It’s impossible to make everybody happy when discussing the top quarterbacks in NFL history. There will always be those ranked too high, too low, or entirely snubbed. The league has drastically changed in the past decade, let alone since the dawn of the Super Bowl era.
The Pro Football Network Staff conducted a meeting of the minds and had some intense discussions to develop the 10 names on the list. But before we begin, it’s essential to go over exactly how we came to these decisions.
1) Super Bowls are not and should not be the end-all, be-all. However, when an individual has more than any singular NFL franchise, it’s difficult to argue against them as the greatest of all time, even if there was a discussion about it.
2) A player’s overall résumé is important, but it was used more as a tiebreaker than its own category.
3) Surrounding talent and situation mattered to us. If a player was not asked to be the load-bearer for their team’s great success, why should we elevate them for their win-loss record?
4) Physical talent and ability as a passer were weighed the heaviest throughout the ranking process.
5) A 100-game sample size was the requirement for consideration.
6) All names ranked played the majority of their careers in the Super Bowl era.
Top Quarterbacks in NFL History
1) Tom Brady
If Tom Brady’s early struggles in Tampa would have persisted, there may have been an argument to keep him out of the No. 1 spot in the discussion for the top quarterbacks in NFL history. However, the old man turned it around and won a Super Bowl without legendary head coach Bill Belichick.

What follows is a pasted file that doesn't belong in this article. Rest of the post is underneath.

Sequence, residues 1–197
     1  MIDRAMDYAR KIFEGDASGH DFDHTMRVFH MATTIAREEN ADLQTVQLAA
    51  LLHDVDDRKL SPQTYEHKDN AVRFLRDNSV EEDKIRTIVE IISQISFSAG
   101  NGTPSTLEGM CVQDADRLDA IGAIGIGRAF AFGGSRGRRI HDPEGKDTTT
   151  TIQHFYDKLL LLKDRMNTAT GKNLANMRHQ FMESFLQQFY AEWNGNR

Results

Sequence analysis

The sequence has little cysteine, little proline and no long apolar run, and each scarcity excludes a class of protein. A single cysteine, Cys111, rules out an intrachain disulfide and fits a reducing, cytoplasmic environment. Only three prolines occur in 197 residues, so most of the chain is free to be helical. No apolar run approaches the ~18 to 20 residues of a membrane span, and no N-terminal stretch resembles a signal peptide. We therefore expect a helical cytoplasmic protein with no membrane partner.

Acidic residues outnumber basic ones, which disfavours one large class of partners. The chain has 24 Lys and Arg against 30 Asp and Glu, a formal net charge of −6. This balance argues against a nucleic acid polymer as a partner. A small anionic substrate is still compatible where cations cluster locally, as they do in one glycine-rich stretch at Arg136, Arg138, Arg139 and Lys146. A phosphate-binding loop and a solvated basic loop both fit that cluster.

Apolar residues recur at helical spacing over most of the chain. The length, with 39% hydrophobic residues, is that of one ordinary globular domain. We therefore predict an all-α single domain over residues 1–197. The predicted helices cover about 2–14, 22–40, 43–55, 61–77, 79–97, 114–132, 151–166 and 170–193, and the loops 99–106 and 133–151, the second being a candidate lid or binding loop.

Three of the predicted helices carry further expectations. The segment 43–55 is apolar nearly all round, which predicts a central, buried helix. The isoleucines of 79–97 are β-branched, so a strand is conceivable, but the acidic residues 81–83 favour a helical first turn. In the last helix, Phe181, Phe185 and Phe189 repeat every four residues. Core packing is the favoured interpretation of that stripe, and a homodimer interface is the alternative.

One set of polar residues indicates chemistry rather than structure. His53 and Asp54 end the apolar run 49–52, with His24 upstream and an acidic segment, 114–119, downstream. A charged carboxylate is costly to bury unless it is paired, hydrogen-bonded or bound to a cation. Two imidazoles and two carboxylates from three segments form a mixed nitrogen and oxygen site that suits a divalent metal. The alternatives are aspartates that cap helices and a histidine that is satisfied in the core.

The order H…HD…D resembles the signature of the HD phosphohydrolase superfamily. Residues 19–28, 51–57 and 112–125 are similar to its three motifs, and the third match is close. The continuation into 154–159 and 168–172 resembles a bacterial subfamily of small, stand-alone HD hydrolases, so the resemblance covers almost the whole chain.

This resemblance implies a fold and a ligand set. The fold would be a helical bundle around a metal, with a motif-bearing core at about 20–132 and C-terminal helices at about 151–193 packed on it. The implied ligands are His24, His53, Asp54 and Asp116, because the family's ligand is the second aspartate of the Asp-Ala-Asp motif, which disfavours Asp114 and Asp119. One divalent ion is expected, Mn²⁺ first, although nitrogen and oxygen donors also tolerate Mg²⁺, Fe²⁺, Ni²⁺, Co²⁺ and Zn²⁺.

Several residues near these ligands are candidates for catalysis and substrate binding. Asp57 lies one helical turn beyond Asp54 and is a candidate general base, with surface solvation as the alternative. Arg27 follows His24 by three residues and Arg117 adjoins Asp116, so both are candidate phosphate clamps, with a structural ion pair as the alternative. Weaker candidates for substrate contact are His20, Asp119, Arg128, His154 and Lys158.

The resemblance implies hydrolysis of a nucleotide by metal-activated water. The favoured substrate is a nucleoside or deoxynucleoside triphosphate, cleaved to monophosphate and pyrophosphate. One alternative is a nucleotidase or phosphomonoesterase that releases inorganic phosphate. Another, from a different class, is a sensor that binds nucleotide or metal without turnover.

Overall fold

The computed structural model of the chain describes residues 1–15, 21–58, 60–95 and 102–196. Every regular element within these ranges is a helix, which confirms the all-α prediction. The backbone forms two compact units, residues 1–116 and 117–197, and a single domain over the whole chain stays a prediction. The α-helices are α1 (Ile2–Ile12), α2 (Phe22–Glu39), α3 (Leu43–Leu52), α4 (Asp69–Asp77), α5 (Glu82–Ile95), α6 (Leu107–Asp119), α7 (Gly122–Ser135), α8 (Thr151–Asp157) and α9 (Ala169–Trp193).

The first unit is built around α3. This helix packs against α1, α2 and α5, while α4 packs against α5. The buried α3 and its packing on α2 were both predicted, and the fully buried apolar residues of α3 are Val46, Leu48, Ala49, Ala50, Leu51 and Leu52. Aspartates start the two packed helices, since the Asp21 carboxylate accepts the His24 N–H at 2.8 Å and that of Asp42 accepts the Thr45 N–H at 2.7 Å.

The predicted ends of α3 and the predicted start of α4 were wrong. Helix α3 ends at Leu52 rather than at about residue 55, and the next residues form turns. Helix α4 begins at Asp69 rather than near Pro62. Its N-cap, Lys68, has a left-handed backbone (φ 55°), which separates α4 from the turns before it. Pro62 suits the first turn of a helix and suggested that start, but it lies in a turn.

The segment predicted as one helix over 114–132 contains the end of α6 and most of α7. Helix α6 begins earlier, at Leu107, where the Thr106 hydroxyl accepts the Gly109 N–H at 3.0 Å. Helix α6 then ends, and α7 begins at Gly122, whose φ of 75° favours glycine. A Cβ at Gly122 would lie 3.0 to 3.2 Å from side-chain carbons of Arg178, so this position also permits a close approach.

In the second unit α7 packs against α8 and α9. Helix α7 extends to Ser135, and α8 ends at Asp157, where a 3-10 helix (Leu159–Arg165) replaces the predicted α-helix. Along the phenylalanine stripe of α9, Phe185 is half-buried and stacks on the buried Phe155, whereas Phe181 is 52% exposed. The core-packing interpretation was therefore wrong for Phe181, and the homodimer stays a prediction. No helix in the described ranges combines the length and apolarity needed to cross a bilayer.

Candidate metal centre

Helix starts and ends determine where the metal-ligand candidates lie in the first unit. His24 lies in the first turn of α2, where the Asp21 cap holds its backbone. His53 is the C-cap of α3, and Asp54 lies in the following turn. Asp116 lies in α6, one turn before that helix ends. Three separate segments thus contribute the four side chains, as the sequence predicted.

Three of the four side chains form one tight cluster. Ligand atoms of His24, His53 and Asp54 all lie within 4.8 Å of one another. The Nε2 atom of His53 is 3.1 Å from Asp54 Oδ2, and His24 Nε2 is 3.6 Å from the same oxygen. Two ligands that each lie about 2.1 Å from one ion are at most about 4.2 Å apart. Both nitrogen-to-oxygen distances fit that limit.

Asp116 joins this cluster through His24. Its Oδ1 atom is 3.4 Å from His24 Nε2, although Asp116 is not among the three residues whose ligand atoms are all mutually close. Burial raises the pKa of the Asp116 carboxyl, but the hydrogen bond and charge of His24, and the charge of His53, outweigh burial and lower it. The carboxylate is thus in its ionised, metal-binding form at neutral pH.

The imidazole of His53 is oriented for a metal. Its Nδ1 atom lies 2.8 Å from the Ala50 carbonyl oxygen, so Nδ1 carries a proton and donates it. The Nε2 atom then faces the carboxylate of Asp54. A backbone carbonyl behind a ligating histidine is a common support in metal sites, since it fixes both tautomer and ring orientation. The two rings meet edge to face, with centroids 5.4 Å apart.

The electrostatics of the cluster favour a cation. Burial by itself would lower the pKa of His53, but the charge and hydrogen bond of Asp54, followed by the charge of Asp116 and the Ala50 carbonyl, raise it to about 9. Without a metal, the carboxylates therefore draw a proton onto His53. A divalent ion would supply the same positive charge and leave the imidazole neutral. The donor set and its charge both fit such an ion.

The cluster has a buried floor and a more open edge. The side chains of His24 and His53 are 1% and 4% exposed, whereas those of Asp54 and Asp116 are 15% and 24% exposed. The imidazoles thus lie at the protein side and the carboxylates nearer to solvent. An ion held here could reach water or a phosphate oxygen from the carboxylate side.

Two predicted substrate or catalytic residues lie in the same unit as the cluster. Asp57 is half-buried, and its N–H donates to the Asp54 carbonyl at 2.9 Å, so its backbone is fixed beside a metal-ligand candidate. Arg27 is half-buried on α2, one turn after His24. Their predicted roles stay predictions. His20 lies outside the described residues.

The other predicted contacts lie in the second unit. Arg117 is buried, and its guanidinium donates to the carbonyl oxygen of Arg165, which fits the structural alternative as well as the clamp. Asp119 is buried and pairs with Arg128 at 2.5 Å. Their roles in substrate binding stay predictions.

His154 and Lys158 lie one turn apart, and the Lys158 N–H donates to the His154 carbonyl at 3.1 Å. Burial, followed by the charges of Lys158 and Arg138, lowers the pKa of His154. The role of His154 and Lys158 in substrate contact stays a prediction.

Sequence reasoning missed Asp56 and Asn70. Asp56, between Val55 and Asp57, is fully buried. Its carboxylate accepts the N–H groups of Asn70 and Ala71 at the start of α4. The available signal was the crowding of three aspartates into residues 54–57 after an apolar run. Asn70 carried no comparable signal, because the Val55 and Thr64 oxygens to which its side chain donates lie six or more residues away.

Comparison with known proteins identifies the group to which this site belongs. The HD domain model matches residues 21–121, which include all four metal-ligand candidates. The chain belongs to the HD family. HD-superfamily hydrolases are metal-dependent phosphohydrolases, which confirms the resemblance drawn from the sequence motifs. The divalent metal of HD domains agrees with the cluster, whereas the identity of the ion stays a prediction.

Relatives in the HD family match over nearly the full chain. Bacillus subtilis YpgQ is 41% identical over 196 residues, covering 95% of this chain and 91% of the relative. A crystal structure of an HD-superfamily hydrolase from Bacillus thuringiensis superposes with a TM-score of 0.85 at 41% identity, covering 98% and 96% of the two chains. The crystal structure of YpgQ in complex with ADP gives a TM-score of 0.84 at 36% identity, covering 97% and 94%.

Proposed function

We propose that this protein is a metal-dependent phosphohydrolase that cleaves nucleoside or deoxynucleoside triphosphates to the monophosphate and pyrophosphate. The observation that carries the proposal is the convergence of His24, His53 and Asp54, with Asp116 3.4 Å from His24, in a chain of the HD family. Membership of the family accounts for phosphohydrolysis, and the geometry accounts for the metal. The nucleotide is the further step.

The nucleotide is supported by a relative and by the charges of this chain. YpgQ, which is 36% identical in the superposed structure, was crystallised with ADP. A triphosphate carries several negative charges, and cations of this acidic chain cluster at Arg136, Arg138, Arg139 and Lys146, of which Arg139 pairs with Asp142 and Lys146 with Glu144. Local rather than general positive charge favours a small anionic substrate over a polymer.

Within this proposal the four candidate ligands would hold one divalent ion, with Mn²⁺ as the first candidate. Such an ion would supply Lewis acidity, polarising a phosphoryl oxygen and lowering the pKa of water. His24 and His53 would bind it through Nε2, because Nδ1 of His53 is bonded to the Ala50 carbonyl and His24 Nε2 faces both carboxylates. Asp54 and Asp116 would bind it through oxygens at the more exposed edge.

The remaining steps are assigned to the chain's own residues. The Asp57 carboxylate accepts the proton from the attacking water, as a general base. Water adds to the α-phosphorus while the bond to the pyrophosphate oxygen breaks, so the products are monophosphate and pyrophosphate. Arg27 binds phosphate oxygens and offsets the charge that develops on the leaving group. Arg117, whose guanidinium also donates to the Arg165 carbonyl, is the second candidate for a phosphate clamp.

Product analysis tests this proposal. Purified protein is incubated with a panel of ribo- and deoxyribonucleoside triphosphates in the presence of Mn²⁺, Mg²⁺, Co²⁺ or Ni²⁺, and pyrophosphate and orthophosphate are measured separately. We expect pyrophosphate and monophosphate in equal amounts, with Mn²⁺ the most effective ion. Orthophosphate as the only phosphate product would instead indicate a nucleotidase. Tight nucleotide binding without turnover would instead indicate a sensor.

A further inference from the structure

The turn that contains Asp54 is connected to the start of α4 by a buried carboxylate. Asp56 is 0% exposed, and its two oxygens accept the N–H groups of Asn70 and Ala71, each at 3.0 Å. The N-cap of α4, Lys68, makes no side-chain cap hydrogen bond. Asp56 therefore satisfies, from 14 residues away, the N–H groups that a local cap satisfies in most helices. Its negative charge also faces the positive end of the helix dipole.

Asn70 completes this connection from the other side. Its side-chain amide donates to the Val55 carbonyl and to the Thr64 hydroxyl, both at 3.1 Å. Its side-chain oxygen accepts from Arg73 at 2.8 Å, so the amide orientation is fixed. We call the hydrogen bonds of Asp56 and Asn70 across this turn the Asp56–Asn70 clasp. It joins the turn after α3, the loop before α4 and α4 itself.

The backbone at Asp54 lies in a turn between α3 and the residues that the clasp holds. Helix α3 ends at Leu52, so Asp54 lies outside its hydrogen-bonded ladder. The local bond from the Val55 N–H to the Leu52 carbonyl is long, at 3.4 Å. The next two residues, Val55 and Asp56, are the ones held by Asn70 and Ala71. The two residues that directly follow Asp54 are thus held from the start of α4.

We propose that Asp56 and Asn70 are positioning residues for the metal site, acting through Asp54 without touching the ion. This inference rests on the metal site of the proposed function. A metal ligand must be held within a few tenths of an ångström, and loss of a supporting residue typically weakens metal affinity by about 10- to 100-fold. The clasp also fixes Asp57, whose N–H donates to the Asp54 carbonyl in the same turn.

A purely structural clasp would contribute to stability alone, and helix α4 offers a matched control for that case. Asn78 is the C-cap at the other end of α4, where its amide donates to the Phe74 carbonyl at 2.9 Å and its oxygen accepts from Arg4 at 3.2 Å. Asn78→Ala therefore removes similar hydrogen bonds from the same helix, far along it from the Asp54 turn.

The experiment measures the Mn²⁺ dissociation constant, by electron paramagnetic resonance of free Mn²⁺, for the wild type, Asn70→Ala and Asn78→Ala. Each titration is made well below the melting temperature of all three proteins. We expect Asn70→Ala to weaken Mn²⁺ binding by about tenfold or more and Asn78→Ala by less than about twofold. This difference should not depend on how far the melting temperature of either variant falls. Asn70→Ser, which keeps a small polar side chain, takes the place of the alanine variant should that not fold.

Yes, Brady’s first three Super Bowl victories were led by the defense and Adam Vinatieri. But Brady has played in more Super Bowls (10) than he has missed while fully healthy (8). That’s asinine. It’s difficult to envision a career so long with such consistent top-tier team success, given the parity and one-and-done nature of the sport.
Brady’s longevity is also legendary. Nobody in the league’s history has played at such a high level at such an advanced age. Brady will presumably end his career as the NFL’s all-time leader in passing yards. He also will most likely be the first quarterback to throw for 600 touchdowns in a career. Additionally, the former Patriots’ great won an MVP award at 40-years old. At age 30, he produced what — for my money — was the most impressive single passing season of my lifetime, despite his records falling to Peyton Manning in his own historic 2013 season.
2) Aaron Rodgers
Aaron Rodgers is the most talented quarterback of all time (for now). He holds a 4.6 touchdown-to-interception ratio. For reference, that’s twice the rate of Drew Brees, who is widely regarded as the most accurate passer of all time.
Rodgers’ ability to blend aggression with responsibility protecting the football has blurred the lines on what is possible as a quarterback. Despite not being an overwhelming athlete, his ability to create out of structure could very well be why Patrick Mahomes exists.